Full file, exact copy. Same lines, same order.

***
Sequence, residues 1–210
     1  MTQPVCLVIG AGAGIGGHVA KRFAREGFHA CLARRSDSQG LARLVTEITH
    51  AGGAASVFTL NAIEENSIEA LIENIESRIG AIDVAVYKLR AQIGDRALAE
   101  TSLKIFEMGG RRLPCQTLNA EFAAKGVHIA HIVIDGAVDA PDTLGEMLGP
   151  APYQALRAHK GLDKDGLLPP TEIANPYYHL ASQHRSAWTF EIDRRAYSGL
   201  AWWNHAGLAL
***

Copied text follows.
Sequence, residues 1–210
     1  MTQPVCLVIG AGAGIGGHVA KRFAREGFHA CLARRSDSQG LARLVTEITH
    51  AGGAASVFTL NAIEENSIEA LIENIESRIG AIDVAVYKLR AQIGDRALAE
   101  TSLKIFEMGG RRLPCQTLNA EFAAKGVHIA HIVIDGAVDA PDTLGEMLGP
   151  APYQALRAHK GLDKDGLLPP TEIANPYYHL ASQHRSAWTF EIDRRAYSGL
   201  AWWNHAGLAL